The passport of  Sri Lankan Rizana Nafeek. She was a foreign domestic worker in Saudi Arabia.  And at the age of 17, she was arrested on charges of murdering an infant in her care. 

Saudi Arabia has a long, infamous history of denying legal rights to foreign domestic workers, but it’s still outrageous that two recent cases indicate that these workers– whom are predominantly women —  can’t even count on basic internationally accepted protections for juveniles and the mentally ill. This month, one Sri Lanka woman paid for this failure with her life. And another’s life is at risk.

The beheading of Rizana Nafeek, a Sri Lankan foreign domestic worker, on Jan. 12 underscored the lack of legal protections for foreign workers in Saudi Arabia.  The execution came despite an international campaign protesting her death sentence as violating international legal standards preventing the execution of juveniles.

Only 17 years old at the time of the crime, Nafeek was arrested in May 2005 on charges of murdering an infant in her care. A court in Dawadmi, a town west of the capital Riyadh, sentenced her to death in 2007.

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7 Ways for Obama to REALLY Earn that Nobel Peace Prize

president obama

Photo: Tim Sloan/AFP/Getty Images

At the local level, Americans are demonstrating a strong commitment to advancing human rights. In recent elections, voters legalized marriage equality in nine states and passed the DREAM Act to expand educational opportunities for undocumented residents in Maryland. In addition, legislators in four states abolished the death penalty. The message to the nation’s leaders seems to be this: human rights still matter, and the task of “perfecting our union” remains incomplete.

As President Obama prepares to give his second inaugural address, he should embrace an ambitious rights agenda: enhancing our security without trampling on human rights; implementing a foreign policy that hold friends and foes alike accountable for human rights violations; and ensuring human rights for all in the United States without discrimination.

INCOMPLETE

Measured against international norms and his own aspirations, President Obama’s first term record on human rights merits an “incomplete.” While he made the bold move of issuing an executive order to close Guantánamo on his second day in office, he has yet to fulfill that promise. The U.S. government’s reliance on lethal drone strikes is growing steadily, but the administration has provided no clear legal justification for the program. Congress has abrogated its responsibility to exercise meaningful oversight of this most ubiquitous element of the “global war on terror,” a paradigm which is in and of itself problematic. Although President Obama has on occasion stood up for human rights defenders abroad — in China, Iran, Russia and Libya — his administration has often muted criticism when it comes to U.S. allies, in the Middle East, Africa and Europe.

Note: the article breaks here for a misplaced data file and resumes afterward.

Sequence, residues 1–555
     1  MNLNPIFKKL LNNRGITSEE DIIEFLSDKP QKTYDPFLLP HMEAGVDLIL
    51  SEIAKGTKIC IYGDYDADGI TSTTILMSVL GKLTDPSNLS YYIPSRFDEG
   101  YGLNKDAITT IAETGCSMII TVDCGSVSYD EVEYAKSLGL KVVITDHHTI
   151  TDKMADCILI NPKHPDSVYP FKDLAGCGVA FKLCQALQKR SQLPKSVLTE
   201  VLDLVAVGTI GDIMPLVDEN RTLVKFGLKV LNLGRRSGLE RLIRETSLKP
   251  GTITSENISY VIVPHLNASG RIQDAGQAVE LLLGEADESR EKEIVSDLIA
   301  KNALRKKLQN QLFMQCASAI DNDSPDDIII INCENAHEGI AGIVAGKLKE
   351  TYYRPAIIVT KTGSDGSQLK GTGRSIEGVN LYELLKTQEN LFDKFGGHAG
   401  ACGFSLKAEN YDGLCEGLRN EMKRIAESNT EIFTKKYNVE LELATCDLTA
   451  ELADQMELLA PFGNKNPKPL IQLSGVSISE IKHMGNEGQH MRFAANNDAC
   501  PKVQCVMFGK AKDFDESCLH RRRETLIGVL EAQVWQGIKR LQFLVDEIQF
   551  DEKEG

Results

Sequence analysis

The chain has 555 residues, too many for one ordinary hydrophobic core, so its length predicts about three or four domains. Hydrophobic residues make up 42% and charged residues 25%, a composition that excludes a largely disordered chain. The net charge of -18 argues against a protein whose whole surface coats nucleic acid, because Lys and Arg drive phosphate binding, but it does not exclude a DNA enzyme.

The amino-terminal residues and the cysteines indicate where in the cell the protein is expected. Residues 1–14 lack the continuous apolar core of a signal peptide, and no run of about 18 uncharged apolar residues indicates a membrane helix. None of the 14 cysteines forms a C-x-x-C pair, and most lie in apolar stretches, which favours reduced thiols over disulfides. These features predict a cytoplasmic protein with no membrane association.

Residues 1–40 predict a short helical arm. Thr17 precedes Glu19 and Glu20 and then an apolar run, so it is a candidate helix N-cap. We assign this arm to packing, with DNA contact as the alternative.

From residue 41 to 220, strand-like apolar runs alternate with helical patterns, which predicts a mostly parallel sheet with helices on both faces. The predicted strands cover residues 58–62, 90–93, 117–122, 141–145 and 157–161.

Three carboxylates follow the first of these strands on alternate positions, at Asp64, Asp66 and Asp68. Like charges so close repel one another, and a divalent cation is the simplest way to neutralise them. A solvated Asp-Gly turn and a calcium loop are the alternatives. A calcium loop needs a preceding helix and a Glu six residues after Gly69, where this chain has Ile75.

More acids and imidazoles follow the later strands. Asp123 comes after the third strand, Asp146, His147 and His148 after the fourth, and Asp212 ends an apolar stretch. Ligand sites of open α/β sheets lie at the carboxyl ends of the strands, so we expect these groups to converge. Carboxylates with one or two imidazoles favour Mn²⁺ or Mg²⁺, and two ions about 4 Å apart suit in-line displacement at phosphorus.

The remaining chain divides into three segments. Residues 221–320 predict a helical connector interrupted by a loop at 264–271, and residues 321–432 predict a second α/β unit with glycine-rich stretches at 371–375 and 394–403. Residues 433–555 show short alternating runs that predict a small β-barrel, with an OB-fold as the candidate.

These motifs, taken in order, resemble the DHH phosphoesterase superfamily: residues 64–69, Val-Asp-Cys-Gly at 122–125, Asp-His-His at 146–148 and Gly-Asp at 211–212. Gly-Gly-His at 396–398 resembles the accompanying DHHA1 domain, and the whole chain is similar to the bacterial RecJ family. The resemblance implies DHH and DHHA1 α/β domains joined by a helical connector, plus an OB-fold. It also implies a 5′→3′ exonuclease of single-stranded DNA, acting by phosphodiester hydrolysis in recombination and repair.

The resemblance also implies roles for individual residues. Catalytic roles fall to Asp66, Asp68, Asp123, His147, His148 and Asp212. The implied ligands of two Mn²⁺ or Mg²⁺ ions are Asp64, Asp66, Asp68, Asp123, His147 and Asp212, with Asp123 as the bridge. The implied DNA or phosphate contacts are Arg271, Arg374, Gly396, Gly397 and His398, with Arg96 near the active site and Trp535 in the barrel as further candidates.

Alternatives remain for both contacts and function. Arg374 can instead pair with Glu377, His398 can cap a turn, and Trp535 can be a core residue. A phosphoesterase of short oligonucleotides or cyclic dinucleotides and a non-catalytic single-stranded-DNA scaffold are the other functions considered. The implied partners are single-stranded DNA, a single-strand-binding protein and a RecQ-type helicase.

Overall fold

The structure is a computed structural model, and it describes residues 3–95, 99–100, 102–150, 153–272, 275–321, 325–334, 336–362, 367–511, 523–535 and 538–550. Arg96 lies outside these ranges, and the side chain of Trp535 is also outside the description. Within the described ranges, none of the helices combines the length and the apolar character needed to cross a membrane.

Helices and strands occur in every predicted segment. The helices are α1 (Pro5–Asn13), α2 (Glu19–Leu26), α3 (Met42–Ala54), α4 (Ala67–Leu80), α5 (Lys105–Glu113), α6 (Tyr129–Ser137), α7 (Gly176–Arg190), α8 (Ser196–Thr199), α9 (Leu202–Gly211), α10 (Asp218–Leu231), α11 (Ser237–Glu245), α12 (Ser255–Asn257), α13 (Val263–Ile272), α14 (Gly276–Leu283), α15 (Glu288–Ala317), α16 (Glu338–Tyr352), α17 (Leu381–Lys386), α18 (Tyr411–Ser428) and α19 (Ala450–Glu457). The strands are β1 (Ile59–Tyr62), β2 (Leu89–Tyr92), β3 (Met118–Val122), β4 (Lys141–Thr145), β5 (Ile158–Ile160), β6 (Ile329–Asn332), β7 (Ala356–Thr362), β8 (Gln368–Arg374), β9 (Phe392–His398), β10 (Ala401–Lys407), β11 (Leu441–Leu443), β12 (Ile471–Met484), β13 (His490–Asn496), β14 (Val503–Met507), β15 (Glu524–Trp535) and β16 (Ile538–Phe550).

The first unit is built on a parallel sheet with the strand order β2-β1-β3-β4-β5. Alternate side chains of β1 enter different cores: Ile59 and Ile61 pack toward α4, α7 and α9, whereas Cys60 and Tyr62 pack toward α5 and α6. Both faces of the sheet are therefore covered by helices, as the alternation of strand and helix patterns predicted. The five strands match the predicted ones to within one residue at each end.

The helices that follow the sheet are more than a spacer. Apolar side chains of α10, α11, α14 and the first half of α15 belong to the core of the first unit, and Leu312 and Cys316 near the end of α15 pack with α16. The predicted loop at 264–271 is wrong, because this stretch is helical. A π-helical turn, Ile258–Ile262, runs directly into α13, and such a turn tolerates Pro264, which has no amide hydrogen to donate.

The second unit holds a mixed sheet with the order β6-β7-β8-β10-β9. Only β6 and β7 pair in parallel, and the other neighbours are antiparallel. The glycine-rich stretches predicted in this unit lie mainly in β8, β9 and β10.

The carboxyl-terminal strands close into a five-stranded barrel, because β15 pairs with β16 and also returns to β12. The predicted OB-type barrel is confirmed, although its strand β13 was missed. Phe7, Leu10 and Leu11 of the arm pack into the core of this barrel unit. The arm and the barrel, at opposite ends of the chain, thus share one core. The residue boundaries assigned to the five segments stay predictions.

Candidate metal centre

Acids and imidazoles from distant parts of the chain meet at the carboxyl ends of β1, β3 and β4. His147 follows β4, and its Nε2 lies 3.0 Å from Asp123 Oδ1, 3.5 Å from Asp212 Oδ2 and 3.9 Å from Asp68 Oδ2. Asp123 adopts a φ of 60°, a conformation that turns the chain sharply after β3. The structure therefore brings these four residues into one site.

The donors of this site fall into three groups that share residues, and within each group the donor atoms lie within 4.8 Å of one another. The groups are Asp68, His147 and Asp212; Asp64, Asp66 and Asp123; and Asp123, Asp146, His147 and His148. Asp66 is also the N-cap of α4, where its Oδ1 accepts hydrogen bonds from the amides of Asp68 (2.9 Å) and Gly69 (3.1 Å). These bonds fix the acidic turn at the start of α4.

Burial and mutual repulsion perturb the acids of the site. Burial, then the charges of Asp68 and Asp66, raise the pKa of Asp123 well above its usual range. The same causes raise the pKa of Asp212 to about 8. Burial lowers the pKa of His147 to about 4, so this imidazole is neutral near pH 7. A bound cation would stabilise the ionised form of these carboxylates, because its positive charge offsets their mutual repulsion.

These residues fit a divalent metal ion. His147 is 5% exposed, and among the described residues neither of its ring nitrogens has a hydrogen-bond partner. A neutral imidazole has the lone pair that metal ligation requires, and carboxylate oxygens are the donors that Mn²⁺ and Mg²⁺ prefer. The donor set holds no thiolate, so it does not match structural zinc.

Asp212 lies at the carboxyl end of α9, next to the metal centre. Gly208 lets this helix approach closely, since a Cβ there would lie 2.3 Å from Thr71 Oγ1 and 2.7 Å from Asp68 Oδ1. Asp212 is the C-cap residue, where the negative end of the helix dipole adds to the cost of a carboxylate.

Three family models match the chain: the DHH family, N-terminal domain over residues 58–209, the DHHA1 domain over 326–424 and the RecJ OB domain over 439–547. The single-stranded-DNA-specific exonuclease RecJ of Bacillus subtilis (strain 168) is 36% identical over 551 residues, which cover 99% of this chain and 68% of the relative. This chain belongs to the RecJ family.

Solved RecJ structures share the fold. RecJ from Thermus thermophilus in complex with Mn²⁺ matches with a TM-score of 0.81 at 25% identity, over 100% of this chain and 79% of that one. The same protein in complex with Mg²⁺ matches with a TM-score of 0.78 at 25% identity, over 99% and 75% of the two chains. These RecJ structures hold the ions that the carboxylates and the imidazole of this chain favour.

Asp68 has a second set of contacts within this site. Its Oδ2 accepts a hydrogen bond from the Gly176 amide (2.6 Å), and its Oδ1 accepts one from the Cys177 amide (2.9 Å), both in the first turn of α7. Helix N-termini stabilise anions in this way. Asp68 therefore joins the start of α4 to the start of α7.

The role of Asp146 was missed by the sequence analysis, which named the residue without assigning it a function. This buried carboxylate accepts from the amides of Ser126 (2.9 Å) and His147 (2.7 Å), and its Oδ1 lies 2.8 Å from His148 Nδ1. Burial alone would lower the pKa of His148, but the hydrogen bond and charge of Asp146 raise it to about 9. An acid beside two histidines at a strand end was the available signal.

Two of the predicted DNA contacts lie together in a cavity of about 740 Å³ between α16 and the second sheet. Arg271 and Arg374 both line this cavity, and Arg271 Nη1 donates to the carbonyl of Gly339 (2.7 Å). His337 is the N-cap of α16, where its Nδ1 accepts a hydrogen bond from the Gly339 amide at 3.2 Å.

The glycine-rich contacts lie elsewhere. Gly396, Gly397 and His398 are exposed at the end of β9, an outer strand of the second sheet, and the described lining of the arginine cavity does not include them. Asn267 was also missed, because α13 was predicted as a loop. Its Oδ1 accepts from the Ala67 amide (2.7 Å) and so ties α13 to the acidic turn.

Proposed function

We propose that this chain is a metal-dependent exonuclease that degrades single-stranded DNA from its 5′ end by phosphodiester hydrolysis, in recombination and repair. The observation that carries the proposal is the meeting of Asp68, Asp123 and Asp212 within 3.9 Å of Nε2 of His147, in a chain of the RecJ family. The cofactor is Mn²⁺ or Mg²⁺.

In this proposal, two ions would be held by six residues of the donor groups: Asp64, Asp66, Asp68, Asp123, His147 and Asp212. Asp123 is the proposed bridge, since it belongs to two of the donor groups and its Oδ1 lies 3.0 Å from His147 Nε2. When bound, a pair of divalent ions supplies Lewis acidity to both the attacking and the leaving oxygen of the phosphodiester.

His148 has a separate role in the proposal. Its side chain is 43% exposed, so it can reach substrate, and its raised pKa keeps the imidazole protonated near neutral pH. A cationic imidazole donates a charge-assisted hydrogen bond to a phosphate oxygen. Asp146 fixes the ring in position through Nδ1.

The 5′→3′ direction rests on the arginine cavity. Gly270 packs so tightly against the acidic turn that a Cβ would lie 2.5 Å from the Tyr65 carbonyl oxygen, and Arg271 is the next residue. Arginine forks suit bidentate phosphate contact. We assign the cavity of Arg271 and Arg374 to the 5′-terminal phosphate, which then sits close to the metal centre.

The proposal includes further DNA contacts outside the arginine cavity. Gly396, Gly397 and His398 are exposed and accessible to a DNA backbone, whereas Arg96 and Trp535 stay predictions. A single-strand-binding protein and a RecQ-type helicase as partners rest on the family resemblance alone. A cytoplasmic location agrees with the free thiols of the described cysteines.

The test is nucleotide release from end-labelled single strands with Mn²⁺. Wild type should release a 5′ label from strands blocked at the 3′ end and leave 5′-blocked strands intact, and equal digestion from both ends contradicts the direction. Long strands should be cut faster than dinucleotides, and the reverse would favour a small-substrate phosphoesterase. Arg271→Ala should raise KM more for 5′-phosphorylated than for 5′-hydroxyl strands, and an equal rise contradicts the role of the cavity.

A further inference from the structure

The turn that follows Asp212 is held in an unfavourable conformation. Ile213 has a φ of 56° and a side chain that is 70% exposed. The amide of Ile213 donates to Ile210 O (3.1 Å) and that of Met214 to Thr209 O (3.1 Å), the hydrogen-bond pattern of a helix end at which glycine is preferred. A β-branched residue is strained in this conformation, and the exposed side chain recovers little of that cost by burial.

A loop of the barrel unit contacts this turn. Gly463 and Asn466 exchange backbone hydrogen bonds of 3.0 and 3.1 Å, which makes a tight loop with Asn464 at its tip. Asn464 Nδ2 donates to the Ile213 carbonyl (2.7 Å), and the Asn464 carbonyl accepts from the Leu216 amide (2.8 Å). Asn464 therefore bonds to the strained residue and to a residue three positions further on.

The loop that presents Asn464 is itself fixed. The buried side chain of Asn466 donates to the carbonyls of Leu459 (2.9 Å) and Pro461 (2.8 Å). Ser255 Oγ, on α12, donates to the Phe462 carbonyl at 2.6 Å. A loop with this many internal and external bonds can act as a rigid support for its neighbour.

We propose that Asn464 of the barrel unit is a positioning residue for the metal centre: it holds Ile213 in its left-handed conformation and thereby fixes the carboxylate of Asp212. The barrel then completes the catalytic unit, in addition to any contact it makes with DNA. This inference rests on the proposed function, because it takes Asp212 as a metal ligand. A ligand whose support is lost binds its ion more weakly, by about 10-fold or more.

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Game On for Saudi Women

Saudi woman driver

Scores of brave Saudi Arabian women have been defying a long-standing ban on them driving. © Private

Saudi women just took one step closer to the finish line — as the 2012 Olympics are set to begin in London today, Saudi women will be competing for the first time. But there is still a long way to go for women’s rights in Saudi Arabia, a country where women can now carry the Olympic flag, but not the keys to the car.

Wodjan Ali Seraj Abdulrahim Shahrkhani, a judo competitor, and 800 meters runner Sarah Attar will be the first Saudi women ever to participate in the Olympics. Just two weeks before the start of the games, Saudi officials finally ended their long resistance and joined Qatar and Brunei in sending female athletes to compete in the games for the first time.

With Saudi’s last minute decision, the 2012 Olympics in London mark the first Olympics where every country will have at least one female athlete competing. A country where girls’ sports and gyms are officially banned in public schools, Saudi Arabia will now cheer for their first female athletes representing the Kingdom. SEE THE REST OF THIS POST

When Will Saudi Women Finally Win The Right To Drive?

Manal al-Sharif

Manal al-Sharif publicly defied the ban on Saudi women drivers (Jemal Countess/Getty Images for TIME)

One year ago, Manal al-Sharif, divorced mother of one, took it upon herself to do something, women across the world do every day: Drive.

In May 2011, Manal al-Sharif got in a car and drove through the streets of Khobar, Saudi Arabia. Filmed by an acquaintance, al-Sharif followed the 1990 demonstration in which Saudi women took on the streets of the capital and drove without permission. Her action not only caused an uproar in the kingdom, but also laid ground for the now well-known Women2Drive campaign that celebrates its anniversary on June 17.

Activists around the world took to social media to support the campaign, including Amnesty activists who recently collected portraits of activists supporting the right to drive for Saudi women.